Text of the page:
2

I meet a terrible problem. I can't compare two string!

My job is simple, every 1ms use SoftwareSerial read_card(2, 3);to check if i read a id card.And don't read a card twice.Here are my code:

bool CardReader::check()
{
    String str= read_card.readString();
    if (str.length() == 0 ) return false;
    //Log("card:%s", str);
    Serial.println("card_id");
    Serial.println(str);
    Serial.println(card);
    Serial.print("cmp:"); Serial.println(str == card);
    if (str.length() == card.length())
    {
        uchar *p1 = (uchar*)str.c_str(), *p2 = (uchar*)str.c_str();
        for (int i = 0; i < card.length(); i++)
            if (p1[i] != p2[i])
                break;
        return false;
    }
    card = str;
    return true;
}

Let's see output:

card_id
 Rq
 僐R 
cmp:1

The hex are:

00 01 52 71 02 
00 83 52 52 00 

Why the two string is equal?

Bugs are fixed.If string begin with '\0',== can't work and = can't work either.

bool CardReader::check()
{
    String str = read_card.readString();
    if (str.length() == 0) return false;
    if (str.length() == card.length())
    {
        uchar *p1 = (uchar*)str.c_str(), *p2 = (uchar*)card.c_str();
        for (int i=0; i < card.length(); i++)
        {
            Log("%d:%d", p1[i],p2[i]);
            if (p1[i] != p2[i])
                goto find_card;
        }
        return false;
    }
find_card:
    for(int i=0;i<5;i++)
        card[i]=str[i];
    return true;
}
1
  • Your question has been answered. Please, accept the best one to close this question.
    – user31481
    Nov 17 '17 at 8:20
0

Because both strings are empty. In fact, calling the method c_str() will give a an array, which has at its first position ([0]) the null terminator (0x00 or '\0'). What follows the 0x00, is just rubbish.

In fact, check the card length, it will be 0.

(btw, there are some bugs in the code too. It always return false if the string have the same length, and it will always return true otherwise. EDIT: following the Nick Gammon's answer I also noticed that you get the pointer of the same string :). I corrected also this).

I think the code should be rewritten to:

if (str.length() == card.length())
{
    uchar *p1 = (uchar*)str.c_str(), *p2 = (uchar*)card.c_str();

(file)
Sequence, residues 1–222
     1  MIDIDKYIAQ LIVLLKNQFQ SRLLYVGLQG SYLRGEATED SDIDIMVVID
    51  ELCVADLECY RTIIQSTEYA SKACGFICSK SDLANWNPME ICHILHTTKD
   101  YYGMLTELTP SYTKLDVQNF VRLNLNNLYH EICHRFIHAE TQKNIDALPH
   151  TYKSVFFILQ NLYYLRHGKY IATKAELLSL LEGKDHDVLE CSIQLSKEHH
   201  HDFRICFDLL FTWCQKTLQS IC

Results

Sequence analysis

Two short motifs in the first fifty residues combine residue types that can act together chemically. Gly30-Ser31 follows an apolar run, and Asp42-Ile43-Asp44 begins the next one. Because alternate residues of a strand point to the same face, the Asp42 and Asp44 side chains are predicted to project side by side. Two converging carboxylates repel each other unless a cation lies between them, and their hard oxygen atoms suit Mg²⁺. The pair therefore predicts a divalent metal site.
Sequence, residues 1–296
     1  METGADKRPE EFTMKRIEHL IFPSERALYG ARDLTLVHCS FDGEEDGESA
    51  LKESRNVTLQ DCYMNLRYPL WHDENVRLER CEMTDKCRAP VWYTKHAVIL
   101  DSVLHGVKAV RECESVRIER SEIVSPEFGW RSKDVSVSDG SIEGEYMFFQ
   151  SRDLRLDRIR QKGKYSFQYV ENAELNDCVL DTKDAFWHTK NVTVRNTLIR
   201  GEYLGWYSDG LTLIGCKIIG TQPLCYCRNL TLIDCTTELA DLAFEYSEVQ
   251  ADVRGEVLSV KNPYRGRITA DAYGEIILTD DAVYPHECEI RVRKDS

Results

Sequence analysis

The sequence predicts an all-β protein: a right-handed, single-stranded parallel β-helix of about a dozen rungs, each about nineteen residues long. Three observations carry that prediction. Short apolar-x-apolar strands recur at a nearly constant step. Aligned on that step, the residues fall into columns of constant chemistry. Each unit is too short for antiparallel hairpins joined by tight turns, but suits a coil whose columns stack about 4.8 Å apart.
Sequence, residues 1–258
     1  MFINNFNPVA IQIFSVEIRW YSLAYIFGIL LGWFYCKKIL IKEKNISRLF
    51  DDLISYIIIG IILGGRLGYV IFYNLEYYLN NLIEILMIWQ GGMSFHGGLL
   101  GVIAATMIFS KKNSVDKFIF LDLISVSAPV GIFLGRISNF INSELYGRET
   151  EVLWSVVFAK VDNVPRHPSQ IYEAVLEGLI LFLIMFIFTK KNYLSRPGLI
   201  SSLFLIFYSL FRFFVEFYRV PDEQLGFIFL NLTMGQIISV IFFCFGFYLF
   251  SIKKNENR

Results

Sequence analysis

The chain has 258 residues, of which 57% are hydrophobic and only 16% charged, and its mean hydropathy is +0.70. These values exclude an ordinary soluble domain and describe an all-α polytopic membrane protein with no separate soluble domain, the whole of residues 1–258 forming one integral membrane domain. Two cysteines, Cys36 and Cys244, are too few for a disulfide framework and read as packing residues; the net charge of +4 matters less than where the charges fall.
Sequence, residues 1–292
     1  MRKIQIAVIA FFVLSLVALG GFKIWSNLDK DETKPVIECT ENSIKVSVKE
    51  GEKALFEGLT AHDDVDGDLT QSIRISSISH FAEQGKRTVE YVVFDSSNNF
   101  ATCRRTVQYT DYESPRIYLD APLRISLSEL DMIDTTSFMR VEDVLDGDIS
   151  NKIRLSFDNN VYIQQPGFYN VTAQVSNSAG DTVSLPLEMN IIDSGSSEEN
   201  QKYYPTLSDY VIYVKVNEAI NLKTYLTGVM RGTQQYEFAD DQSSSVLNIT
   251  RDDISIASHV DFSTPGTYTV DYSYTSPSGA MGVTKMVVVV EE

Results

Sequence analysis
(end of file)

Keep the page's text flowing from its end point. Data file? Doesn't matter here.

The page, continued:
for (int i = 0; i < card.length(); i++)
        if (p1[i] != p2[i])
            return false;
}
else 
    return false;
return true;

EDIT:

I add there what I wrote in the comments, for future reference, and explained in details. The problem lies on the String class, which on one hand, it allows adding '\0' characters, through the method concat(char*), but on the other, it uses the strcmp (and other C standard functions) to perform compare between strings. This leads to unpredictable results. Maybe this is a bug in the String class.

In particular, SoftwareSerial extends Stream. Stream::readString() (which is used in the program to get str), is implemented as follows:

String Stream::readString()
{
  String ret;
  int c = timedRead();
  while (c >= 0)
  {
    ret += (char)c;
    c = timedRead();
  }
  return ret;
}

The line ret += (char)c; uses operator +=, which is implemented in WString.h as:

String & operator += (char c)           {concat(c); return (*this);}

Note that readString() also allows adding any non negative value of c, including 0, i.e. '\0' - see while (c >= 0) in its code above

In turn, concat(char c) is implemented in WString.cpp as:

unsigned char String::concat(char c)
{
    char buf[2];
    buf[0] = c;
    buf[1] = 0;
    return concat(buf, 1);
}

And concat(const char *cstr, unsigned int length) is implemented as:

unsigned char String::concat(const char *cstr, unsigned int length)
{
    unsigned int newlen = len + length;
    if (!cstr) return 0;
    if (length == 0) return 1;
    if (!reserve(newlen)) return 0;
    strcpy(buffer + len, cstr);
    len = newlen;
    return 1;
}